A lot of people ask me if I LOOOOVE accounting when I tell them what I do.
Yes, of course, I just LOOOOVE spending my days with Excel spreadsheets and financial systems and debits and credits and financial reports and journal vouchers and meetings about journal vouchers and conference calls about journal vouchers and water cooler talk about journal vouchers and e-mails about journal vouchers and … okay, you get the point.
I don’t LOOOOVE accounting. I don’t dislike business work, but I’m not jumping for joy every time my T-accounts balance.
Here were some majors I toyed with when I was a freshman in college:
- Journalism (1st declared major)
- Criminal Justice (2nd declared major … long story, but I wanted to be a cop. Yeah, I can’t see that either.)
- Marine Biology
- Broadcast Journalism
- Interior Design (seriously? I haven’t bought a piece of home decor in over 4 years.)
- English (no comment)
Anyways, after I finally sobered up, I got real and choose Accounting as my major. I was always great with math and numbers and had a knack for computers. I knew any business major was a smart decision, so I figured it was the way to go. In the end, I decided that I wanted to make money and live comfortably instead of follow any of my real passions. I chose the most practical major that involved at least a hint of something that I was good at (numbers, math, adding, subtracting, all the basics … yeah, I rocked those out).
G is also, technically, an “Accountant” (insert lame joke here about how we’re a bunch of nerdy bean counters who bonded over numbers and stuff … yeah, we’ve never heard that before …), but he’s not really an Accountant. His Master’s is in Accounting Information Systems (MAJOR nerd alert!) so he works exclusively in IT and data analytics these days.
Still, he, like me, chose his major because it was a smart and practical field to go into with plenty of opportunities and room for growth. And, like me, he doesn’t LOOOOVE accounting.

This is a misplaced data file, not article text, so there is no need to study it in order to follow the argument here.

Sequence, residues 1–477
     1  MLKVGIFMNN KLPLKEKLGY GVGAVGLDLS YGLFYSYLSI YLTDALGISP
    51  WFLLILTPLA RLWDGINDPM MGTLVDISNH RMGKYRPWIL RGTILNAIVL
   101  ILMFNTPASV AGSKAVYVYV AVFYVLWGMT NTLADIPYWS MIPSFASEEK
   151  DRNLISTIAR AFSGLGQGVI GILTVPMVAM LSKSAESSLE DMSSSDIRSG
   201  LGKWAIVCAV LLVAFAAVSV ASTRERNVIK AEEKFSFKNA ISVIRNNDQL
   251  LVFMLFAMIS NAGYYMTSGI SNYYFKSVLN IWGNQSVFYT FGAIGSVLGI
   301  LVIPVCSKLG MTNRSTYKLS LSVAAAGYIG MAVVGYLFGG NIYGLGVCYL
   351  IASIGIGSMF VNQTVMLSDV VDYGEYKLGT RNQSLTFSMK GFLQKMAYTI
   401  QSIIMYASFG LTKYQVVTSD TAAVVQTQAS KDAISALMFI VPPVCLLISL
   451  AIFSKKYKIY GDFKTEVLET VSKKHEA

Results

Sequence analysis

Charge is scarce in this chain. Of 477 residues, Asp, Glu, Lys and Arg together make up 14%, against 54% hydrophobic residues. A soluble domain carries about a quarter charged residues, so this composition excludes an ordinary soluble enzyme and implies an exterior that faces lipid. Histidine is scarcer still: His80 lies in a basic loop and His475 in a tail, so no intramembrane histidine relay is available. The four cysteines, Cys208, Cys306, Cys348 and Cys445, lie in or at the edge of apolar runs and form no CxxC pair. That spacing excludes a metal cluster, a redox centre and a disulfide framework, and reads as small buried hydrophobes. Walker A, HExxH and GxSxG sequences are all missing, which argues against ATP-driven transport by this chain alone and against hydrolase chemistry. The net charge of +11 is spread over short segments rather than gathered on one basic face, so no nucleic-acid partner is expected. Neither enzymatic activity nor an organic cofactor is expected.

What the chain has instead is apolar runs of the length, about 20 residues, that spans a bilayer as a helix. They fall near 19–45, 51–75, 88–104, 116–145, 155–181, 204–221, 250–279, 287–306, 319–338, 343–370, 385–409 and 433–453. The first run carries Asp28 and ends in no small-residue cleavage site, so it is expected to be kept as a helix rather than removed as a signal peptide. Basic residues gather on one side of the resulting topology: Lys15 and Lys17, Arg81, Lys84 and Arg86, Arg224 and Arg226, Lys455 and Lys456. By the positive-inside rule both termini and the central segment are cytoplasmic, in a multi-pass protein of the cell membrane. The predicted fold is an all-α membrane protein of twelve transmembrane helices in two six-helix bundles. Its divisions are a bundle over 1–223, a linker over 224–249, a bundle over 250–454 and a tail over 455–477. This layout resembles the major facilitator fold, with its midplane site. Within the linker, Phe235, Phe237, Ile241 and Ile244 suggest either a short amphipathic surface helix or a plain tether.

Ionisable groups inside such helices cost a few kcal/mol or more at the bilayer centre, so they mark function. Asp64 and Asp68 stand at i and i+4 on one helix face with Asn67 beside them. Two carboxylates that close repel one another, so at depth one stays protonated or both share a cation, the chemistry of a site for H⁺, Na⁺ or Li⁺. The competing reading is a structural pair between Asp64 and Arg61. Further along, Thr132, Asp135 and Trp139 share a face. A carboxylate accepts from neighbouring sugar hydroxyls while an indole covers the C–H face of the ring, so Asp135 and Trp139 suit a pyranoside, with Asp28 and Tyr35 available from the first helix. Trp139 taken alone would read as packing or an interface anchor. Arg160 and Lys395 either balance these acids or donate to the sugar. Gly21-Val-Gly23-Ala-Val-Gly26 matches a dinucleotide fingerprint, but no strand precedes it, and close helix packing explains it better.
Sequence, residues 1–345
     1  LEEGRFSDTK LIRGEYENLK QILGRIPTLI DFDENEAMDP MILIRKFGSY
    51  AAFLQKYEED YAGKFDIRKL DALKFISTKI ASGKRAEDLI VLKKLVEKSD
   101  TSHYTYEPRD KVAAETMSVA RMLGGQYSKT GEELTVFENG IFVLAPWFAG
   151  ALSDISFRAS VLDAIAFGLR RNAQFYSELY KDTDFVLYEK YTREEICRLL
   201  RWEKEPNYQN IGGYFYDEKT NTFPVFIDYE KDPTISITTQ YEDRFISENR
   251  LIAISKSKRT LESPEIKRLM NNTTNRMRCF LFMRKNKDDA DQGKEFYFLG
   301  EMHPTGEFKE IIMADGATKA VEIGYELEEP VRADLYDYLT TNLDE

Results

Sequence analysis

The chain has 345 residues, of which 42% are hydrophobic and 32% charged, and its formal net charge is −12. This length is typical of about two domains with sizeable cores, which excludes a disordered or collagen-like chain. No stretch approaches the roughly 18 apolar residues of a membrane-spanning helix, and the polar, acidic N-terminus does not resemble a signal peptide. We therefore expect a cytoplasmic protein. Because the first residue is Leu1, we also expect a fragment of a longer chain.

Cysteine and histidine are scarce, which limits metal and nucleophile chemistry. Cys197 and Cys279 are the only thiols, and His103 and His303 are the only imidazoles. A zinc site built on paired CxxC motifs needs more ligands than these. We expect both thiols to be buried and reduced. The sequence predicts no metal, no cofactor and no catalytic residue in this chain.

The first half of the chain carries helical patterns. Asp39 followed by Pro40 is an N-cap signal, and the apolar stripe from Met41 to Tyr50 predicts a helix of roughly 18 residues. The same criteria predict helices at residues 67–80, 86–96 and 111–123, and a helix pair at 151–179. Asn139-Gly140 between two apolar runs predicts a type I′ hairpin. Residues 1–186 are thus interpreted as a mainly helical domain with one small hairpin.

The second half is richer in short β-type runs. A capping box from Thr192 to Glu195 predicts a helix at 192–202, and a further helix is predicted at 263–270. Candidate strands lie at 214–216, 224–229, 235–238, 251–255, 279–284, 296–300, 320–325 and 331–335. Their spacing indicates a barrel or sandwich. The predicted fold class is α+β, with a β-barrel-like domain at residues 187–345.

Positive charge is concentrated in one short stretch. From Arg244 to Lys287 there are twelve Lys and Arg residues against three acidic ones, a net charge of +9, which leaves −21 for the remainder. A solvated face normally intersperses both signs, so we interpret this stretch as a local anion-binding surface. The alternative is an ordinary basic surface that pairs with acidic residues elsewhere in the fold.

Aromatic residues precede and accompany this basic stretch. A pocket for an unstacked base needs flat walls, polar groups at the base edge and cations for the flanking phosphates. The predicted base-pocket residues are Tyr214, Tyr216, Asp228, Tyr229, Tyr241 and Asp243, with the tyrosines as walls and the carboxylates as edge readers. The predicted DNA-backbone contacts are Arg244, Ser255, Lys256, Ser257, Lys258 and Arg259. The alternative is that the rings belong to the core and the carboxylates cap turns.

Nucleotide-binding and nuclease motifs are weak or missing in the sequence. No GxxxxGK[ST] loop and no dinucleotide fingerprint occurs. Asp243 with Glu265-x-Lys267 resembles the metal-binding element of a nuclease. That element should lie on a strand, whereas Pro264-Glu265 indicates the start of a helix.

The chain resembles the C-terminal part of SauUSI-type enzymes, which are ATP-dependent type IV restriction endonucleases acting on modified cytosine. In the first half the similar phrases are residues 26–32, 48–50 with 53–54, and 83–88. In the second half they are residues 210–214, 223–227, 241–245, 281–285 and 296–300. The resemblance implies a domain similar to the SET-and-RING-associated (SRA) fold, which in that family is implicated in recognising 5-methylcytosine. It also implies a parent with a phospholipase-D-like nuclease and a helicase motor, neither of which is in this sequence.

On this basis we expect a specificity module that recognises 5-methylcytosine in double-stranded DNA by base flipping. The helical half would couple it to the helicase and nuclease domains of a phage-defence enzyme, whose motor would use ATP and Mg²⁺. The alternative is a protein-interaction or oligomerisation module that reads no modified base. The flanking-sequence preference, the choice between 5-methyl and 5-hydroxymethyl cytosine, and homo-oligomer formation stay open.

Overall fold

We chose our majors with our futures in mind. We did not choose our majors based on our interests and passions (because, if G would have taken that route, he would have, and I quote, majored in “watching basketball all day” 😉 ).
A lot of people tell me I’m “lucky” because I made enough money to pay off my debt quickly (which is just silly because I was making a teacher’s salary when I was paying off my debt). Those comments always drive me crazy because I chose my profession specifically to improve my financial future. I sacrificed my true interests for a better future for myself and my future family. I know a lot of people do this, too, and, I think, that sort of sacrifice deserves a bit of credit.
I went into college as a Journalism major. I enjoyed writing. I thought it might be fun and exciting to write for newspapers or magazines. I still think that would be fun and exciting – it’s why I write on this little bloggie and moonlight as a freelance writer in the evenings. But I knew there were limitations. I couldn’t make much, and if I did eventually make much, it would take years. It’s different with accounting (or any business job for that matter). Jobs pay well and offer great benefits. You might not go home at the end of the night feeling like you changed the world or even did anything that made you feel alive inside, but you did make a decent salary to enjoy all the good things life has to offer. Plus, like I said, I don’t dislike my work. In general, I enjoy working, having something to do, not being lazy, so I’m very fortunate that I have a good job.
G and I have worked really hard and made smart choices in our twenties (okay, so we did make some dumb choices 😉 )so we wouldn’t have to struggle as we got older. We sacrificed interests and passion early on so we could focus on it later in life. People might call that lucky, but I just call that smart.
Do you work in a field that you’re passionate about? Or did you choose a passion so you could have a good job?
Networking, showcasing a strong portfolio, and offering competitive rates are just a few effective strategies for landing a freelance client and building a successful freelance business.
Image source: Quinn Dombrowski